The word ‘wall’ is the impediment

The word ‘wall’ is the impediment
© Greg Nash

Speaker Nancy PelosiNancy PelosiHouse unravels with rise of 'Les Enfants Terrible' Will Trump's racist tweets backfire? Al Green: 'We have the opportunity to punish' Trump with impeachment vote MORE scored a major victory getting President Donald TrumpDonald John TrumpPompeo changes staff for Russia meeting after concerns raised about top negotiator's ties: report House unravels with rise of 'Les Enfants Terrible' Ben Carson: Trump is not a racist and his comments were not racist MORE to end the partial government shutdown without funding for a border wall. Her victory, however, is partial, since there is basically just a three-week truce.

If Congress cannot work out a border security plan that the president supports during that time, then he has threatened to shut down the government again or declare a national emergency and order the army to build the wall. The battle between Trump and Pelosi, Sen. Chuck SchumerCharles (Chuck) Ellis SchumerLawmakers pay tribute to late Justice Stevens Trump administration denies temporary immigrant status to Venezuelans in US Colombian official urges more help for Venezuelan migrants MORE and the Democrats has, in many ways, been more about language and symbolism than public policy itself.

Trump called for a 2,000 mile concrete wall during the campaign, one he said Mexico would pay for. The campaign promise centered around a very concrete image, pun intended, and it was key to Trump’s victory.

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Pelosi and Schumer have insisted that Trump will not get any funding for a border wall. And now that the government has re-opened, it is the expectation in Washington that they will not budge from their position. To the Democratic leaders and much of their base, the very concept of a wall is inimical to American values. It deprives us of our exceptionalist credo and fails to distinguish us from the over 50 other countries that have built walls to keep people out.

Is there a path the Congressional committee can take that will represent an effective compromise? There is, and much of the compromise turns on language.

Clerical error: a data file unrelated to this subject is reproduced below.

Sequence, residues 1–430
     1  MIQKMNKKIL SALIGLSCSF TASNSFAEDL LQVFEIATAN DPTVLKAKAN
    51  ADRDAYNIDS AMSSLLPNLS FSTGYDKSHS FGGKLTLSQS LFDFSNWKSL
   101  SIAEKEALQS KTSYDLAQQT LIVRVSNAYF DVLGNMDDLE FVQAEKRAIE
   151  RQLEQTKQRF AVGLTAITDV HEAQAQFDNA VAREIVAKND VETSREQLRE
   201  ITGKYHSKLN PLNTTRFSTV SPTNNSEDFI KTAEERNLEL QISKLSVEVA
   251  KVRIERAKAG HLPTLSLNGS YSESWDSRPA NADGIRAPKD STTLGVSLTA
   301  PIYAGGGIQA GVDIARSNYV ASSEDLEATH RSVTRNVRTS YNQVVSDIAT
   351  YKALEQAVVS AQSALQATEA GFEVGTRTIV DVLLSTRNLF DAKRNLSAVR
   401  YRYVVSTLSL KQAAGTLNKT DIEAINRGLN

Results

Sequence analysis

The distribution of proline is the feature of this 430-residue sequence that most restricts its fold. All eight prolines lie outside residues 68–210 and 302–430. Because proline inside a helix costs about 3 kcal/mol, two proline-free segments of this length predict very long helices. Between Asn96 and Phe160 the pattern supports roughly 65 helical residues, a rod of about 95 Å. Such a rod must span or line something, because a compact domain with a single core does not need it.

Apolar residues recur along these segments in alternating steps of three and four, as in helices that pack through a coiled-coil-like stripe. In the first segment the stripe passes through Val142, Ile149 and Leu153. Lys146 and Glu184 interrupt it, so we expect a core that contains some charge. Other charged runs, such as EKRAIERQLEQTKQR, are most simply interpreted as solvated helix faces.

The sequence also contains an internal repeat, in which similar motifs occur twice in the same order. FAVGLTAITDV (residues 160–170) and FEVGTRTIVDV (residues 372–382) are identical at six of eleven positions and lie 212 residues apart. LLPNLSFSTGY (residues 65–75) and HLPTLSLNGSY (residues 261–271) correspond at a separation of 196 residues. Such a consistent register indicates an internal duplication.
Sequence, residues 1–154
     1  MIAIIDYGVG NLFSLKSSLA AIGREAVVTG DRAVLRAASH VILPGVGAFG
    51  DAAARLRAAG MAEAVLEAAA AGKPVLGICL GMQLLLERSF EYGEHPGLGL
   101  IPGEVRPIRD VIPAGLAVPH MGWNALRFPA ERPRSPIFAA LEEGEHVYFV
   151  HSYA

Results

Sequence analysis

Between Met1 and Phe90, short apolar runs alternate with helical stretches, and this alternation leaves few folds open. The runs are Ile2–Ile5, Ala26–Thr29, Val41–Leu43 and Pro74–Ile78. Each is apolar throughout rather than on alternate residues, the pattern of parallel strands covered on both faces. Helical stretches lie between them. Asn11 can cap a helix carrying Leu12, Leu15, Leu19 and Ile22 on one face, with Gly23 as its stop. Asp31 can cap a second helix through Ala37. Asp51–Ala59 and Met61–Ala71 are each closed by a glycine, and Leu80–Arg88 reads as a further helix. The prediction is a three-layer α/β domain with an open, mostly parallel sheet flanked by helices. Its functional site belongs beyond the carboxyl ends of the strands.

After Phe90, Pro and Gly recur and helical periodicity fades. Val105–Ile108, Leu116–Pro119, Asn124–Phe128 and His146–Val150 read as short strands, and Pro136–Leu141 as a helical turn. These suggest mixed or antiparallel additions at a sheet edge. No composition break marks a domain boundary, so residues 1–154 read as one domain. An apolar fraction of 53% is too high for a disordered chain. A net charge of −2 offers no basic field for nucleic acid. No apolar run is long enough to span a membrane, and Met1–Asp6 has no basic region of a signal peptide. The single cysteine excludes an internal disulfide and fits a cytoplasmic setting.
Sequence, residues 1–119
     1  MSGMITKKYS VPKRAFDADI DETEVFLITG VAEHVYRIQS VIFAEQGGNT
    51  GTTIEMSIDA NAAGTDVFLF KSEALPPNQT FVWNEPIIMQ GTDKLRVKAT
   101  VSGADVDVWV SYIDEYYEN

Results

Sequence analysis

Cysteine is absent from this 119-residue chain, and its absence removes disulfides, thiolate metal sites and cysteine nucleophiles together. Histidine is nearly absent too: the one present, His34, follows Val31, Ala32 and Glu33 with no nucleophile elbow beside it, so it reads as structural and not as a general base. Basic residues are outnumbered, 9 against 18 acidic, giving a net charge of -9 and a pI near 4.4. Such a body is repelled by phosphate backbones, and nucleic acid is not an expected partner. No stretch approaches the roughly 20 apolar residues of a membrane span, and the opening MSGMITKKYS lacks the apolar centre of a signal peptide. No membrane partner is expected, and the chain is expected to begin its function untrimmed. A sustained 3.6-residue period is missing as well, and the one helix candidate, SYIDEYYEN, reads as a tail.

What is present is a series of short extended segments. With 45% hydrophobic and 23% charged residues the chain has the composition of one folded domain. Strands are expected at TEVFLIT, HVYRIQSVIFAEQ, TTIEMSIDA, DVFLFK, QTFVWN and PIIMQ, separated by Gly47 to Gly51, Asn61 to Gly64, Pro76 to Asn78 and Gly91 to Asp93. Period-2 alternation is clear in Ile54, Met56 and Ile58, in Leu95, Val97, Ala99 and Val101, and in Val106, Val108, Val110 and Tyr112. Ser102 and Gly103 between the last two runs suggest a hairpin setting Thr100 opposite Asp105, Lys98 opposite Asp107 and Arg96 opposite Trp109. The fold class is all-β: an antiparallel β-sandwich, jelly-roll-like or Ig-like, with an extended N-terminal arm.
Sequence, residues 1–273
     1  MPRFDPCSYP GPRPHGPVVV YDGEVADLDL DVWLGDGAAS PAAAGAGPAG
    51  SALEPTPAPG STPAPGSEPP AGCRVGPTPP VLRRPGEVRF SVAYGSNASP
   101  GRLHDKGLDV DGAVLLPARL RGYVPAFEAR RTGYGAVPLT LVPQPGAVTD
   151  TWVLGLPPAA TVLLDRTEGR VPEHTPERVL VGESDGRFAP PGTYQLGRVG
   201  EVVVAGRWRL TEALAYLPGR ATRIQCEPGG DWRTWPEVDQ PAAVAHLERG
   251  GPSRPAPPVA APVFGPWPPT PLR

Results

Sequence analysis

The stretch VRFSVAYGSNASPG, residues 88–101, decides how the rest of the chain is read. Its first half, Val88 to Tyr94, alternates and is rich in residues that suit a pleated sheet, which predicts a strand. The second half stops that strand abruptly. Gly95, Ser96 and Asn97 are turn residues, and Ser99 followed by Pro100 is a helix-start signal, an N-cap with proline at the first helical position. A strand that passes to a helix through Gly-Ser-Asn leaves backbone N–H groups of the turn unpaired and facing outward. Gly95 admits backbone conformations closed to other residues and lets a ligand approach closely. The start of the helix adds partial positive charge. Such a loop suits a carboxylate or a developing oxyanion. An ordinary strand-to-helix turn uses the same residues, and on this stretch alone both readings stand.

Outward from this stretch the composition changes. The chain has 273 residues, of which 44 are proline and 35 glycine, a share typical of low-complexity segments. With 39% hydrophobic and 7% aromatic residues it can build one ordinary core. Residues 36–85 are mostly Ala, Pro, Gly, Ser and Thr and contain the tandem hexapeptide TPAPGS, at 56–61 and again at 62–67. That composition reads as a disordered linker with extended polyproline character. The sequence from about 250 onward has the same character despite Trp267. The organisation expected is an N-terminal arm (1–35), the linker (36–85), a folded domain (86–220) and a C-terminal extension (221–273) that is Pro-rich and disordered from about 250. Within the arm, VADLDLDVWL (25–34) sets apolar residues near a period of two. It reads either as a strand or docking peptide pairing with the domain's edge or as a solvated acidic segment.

Effective border security involves many elements, including more funding for technology that can detect drugs being smuggled into legal ports of entry, more judges for migrants seeking asylum, more border guards, and more humanitarian workers at the borders. It also requires some new fences or barriers in a very limited number of places to supplement the 700 miles of fences that already exist, fences built with Congressional funding in 2006 and 2011.

These new fences or barriers, barriers made of steel, are not a 2,000 mile concrete wall; rather, the fences and barriers needed amount to about 200 miles, one-tenth of the campaign promise and of a different material, paid by American taxpayers.

Dropping the word “wall” and indeed emphasizing to the public that the fencing will be 200 miles and not 2,000 would go a long way toward answering the charge from the Democrats that walls are unamerican and offensive to our moral sensibilities. What will be put up — probably at a cost of $2.5 billion and not $5.7 billion — are some additional fences.

The only way this works is if no one talks about a wall.

If you drop the word “wall” and give neither side any ammunition to attack the other, then the plan that emerges is emptied of symbolism. This takes the politics out of it and makes it harder for either side to leverage the agreement for the 2020 elections.

One can imagine a joint press conference prior to the president signing a border security law where both sides stand up and declare that “there is not going to be a 2,000 mile wall but there will be 200 miles of additional fencing,” or something along those lines.

The obvious problem is you cannot control what politicians say — this is especially true of Trump, but if he is determined to secure the border, he should have no problem dropping the word “wall.”

Dave Anderson is the editor of “Leveraging: A Political, Economic, and Societal Framework” (Springer, 2014). He is also the author of "Youth04: Young Voters, the Internet, and Political Power" (W.W. Norton & Company, 2004) and co-editor of "The Civic Web: Online Politics and Democratic Values" (Rowman and Littlefield, 2003). He has taught at George Washington University, the University of Cincinnati, and Johns Hopkins University. He was a candidate in the 2016 Democratic Primary in Maryland’s 8th Congressional District. Contact him at dmamaryland@gmail.com.